Historic Rush – 1837
RUSH, a small sea-port and fishing town, in the parish of LUSK, barony of BALROTHERY, county of DUBLIN, and province of LEINSTER, 6 miles (N. E.) from Swords, and 13 ½ (N. by E.) from Dublin; containing 2144 inhabitants. This town, which is situated on the eastern coast, contains 442 houses, chiefly inhabited by fishermen; and has, since the 16th century, been celebrated for the great quantities of ling which are taken and cured by the inhabitants. Previously to the discontinuance of the fishing bounties, 22 boats were employed in this fishery, which number has since been reduced to 16 of about 40 tons each, carrying seven or eight men. The harbour is difficult of access, and consequently adapted only for small vessels. The channel has from seven to eight feet depth at low water, and is much exposed to a heavy swell during the prevalence of winds from the north-east. A small pier has been erected on a ledge of rock extending into the sea, and covered on the north side by a reef of rocks, which affords good accommodation to the vessels employed in the fishery.
The sands are celebrated for early potatoes, which are produced here in abundance. On the south side of the bay, and to the east of the pier, are beds of fine compact limestone and black slate clay and conglomerate limestone alternating. A coast-guard station has been established here, forming one of the nine which constitute the district of Swords; a constabulary police force is stationed in the town, and there is a martello tower on the beach.
A patent exists for fairs on May 1st and Sept. 29th, but they are not held. The parish church is three miles distant, and therefore, for the accommodation of the town, divine service is performed once every Sunday in the parochial schoolroom, a large and commodious building, in which are a lending library and a depository of bibles: In the R. C. divisions the town forms the head of a union or district, including also Lambay island and part of the adjoining districts: there are chapels at Rush and on Lambay island; the former was built about 70 years since, and a tower, embattled and surmounted with a cross, was added to it in 1833, by subscription; the interior is well fitted up and has a carved altar-piece brought from France.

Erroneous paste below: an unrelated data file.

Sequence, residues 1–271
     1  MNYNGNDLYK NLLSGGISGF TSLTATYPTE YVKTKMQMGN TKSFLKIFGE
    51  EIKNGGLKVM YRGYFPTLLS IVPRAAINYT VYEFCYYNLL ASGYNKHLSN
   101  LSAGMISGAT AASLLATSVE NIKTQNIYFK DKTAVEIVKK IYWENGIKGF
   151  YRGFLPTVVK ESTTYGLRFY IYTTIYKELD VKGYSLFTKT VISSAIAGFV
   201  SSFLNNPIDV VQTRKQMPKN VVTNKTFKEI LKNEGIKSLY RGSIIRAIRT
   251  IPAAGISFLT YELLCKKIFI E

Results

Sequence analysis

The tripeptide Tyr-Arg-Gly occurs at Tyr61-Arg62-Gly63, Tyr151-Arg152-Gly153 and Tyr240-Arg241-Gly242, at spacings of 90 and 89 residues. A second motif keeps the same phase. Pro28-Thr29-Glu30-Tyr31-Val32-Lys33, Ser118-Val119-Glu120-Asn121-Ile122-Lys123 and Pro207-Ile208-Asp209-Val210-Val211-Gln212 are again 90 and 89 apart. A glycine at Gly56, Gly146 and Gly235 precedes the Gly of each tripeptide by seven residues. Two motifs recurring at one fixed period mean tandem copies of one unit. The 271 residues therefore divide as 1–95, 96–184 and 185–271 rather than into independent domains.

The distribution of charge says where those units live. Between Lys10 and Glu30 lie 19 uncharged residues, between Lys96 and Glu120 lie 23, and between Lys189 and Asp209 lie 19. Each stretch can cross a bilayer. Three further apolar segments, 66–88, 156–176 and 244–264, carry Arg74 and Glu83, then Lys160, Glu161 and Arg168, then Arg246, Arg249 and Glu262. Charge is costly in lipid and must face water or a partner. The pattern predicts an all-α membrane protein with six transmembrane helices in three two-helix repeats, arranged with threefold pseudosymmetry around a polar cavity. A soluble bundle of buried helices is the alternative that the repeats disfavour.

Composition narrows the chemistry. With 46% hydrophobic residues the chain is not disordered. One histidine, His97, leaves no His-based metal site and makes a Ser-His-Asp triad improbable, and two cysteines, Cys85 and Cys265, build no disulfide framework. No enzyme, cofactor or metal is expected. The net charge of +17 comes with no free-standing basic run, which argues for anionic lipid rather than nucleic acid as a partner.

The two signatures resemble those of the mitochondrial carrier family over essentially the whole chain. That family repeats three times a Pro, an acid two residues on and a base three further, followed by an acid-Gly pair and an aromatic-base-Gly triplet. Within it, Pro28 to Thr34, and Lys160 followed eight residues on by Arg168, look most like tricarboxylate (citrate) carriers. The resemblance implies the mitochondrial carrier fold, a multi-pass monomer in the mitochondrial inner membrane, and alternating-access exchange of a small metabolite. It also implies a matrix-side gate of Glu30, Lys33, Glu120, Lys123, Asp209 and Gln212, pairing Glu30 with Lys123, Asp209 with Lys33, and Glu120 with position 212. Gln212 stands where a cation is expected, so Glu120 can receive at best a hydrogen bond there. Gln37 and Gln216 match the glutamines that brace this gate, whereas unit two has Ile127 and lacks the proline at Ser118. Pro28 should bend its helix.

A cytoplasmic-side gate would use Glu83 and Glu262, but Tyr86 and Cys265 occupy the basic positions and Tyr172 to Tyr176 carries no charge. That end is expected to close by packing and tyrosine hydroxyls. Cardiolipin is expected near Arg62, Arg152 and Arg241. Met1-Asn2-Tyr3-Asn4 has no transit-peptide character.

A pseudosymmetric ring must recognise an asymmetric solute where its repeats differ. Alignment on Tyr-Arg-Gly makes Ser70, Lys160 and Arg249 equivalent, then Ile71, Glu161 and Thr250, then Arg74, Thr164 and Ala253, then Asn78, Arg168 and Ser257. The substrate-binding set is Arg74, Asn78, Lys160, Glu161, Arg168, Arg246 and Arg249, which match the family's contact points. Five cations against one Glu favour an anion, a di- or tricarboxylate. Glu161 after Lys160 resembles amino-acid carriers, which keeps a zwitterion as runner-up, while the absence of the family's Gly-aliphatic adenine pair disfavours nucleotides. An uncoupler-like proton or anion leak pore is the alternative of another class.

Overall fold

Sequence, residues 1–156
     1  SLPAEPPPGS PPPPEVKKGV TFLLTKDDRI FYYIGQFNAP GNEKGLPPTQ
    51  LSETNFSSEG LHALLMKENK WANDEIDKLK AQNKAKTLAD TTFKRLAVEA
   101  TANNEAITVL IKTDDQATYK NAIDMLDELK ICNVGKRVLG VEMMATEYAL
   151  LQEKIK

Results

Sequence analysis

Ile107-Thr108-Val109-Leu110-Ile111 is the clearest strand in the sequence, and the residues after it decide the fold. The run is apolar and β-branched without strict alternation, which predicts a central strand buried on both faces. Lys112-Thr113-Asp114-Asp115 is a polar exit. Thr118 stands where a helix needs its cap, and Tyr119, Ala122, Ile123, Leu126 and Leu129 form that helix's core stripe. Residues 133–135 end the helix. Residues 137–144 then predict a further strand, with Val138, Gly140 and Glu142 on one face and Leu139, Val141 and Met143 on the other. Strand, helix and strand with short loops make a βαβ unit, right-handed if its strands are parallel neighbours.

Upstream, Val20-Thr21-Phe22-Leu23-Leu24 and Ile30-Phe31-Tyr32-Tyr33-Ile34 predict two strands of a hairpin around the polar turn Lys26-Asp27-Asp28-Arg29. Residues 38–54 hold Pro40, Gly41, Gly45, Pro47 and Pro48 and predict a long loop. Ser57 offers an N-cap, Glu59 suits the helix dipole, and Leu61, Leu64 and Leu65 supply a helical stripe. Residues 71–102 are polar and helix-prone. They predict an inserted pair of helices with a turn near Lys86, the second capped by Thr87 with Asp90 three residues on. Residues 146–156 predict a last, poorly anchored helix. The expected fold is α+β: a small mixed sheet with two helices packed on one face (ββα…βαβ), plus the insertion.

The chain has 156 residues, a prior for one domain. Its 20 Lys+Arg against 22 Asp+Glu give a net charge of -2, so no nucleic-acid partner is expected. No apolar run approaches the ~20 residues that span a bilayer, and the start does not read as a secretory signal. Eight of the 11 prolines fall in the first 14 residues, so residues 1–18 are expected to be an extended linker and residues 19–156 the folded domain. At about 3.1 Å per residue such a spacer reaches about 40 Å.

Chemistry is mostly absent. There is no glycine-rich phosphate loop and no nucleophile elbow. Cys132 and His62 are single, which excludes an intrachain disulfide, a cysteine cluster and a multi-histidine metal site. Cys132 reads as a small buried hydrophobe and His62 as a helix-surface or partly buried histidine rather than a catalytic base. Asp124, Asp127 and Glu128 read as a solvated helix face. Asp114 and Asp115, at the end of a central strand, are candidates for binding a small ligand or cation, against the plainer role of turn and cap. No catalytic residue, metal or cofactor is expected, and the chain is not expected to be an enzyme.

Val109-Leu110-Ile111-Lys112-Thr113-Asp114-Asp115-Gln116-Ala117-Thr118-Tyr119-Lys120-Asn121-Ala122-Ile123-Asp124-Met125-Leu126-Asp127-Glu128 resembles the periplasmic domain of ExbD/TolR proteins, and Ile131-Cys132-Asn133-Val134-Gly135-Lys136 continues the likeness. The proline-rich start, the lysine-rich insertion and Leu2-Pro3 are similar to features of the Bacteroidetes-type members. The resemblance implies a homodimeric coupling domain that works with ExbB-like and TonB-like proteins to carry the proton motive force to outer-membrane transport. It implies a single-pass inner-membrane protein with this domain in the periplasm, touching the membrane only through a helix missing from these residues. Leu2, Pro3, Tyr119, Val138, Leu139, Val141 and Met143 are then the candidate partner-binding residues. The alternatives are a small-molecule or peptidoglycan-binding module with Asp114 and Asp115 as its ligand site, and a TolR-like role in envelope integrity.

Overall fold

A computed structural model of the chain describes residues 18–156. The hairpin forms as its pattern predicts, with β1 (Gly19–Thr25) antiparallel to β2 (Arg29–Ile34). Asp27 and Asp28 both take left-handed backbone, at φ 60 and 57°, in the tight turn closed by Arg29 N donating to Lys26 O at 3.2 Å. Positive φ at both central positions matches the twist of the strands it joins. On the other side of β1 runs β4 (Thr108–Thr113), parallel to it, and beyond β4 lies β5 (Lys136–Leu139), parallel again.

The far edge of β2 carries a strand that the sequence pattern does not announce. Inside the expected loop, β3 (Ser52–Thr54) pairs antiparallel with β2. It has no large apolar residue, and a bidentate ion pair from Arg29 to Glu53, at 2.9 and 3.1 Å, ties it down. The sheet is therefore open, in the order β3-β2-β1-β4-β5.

Adjoining it is the residence of the parish priest, built in 1823 by subscription, to which the late Mrs. Palmer, of Rush House, largely contributed and also gave an acre and a half of land for a site. A dispensary in the town is supported in the usual manner.
About half a mile from the town is Rush House, now called Kenure Park, formerly the residence of the great Duke of Ormonde, and subsequently of Sir Henry Echlin, Bart., from whom it was purchased by an ancestor of Sir W. H. Palmer, Bart., its present proprietor. The mansion is spacious and handsome, and contains many good apartments, a collection of valuable paintings by the first masters, and a selection of vases and other relics from the remains of Pompeii, collected by the late Mr. Palmer when in Italy.
The demesne is richly embellished with stately timber, and commands some interesting views, embracing the town of Rush, Lambay island, and a great expanse of sea; and within the grounds are the picturesque ruins of Kenure church, in which is a large tomb inscribed to the memory of George, fourth Baron of Strabane, who died in 1668. Near these ruins are the remains of an ancient castle, a holy well dedicated to St. Catherine, and part of an ancient cross.